Retinoschisis is a type of retinal degeneration disorder characterized by splitting of the retina due to saclike blisters or cysts. These lesions occur between retinal pigment epithelium and neuroretina (sensory retina). The disorder leads to partial or total vision loss. Retinoschisis may be accompanied by opacities of the lens, which may be easily mistaken for cataracts or glaucoma. The disorder can be detected by ultrasound ocular test. Currently, there are no medical or surgical treatments available for retinoschisis. Gene therapy can prevent retinoschisis and apparently demonstrates that even if disease has begun, there is a healing that takes place.3 Gene therapy has been successfully used to deliver a normal gene into the retinal pigment cells of blind dogs with an inherited retinal degenerative disease. The procedure has enabled the dogs to see. Clinical trials are planned within the next few years. Scientists believe that gene therapy can be used to prevent and cure macular degeneration.4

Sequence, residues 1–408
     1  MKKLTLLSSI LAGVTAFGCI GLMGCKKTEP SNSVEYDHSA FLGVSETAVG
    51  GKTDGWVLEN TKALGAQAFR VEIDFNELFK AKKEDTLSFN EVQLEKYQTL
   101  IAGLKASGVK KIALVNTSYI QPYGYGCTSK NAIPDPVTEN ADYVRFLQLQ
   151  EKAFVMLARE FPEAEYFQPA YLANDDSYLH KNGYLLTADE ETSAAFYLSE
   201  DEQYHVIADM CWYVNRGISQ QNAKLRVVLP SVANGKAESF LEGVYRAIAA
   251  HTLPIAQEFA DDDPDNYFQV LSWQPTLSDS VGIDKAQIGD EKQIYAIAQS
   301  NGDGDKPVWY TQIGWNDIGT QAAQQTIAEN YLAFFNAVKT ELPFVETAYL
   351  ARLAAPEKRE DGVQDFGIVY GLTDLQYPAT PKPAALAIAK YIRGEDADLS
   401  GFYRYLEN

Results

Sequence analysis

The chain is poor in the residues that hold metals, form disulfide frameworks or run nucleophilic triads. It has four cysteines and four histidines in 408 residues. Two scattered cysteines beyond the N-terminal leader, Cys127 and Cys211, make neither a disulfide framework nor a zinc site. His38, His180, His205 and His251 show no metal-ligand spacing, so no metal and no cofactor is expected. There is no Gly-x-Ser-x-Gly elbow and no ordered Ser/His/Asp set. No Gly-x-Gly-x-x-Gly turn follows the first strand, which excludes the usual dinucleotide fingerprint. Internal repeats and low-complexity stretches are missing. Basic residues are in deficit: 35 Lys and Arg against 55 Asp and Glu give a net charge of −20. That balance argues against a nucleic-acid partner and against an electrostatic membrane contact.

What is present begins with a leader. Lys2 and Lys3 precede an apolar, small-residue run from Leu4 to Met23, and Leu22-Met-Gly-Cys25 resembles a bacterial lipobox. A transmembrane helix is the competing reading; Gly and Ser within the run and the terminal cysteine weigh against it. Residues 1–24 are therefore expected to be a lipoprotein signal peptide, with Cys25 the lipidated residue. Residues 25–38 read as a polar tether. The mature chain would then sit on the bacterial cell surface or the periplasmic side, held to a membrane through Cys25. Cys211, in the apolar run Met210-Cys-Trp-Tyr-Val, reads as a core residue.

1. Charles L Martin. Ophthalmic Disease in Veterinary Medicine
  2. University of Michigan Kellogg Eye Center. Retinoschisis
  3. University of Florida (2005, August 16). Gene Therapy Works In Mice To Prevent Blindness That Strikes Boys. ScienceDaily. Retrieved January 27, 2008, from http://www.sciencedaily.comĀ­ /releases/2005/08/050814170130.htm
  4. Macular Degeneration 101. Molecular Genetics and Gene Therapy. (

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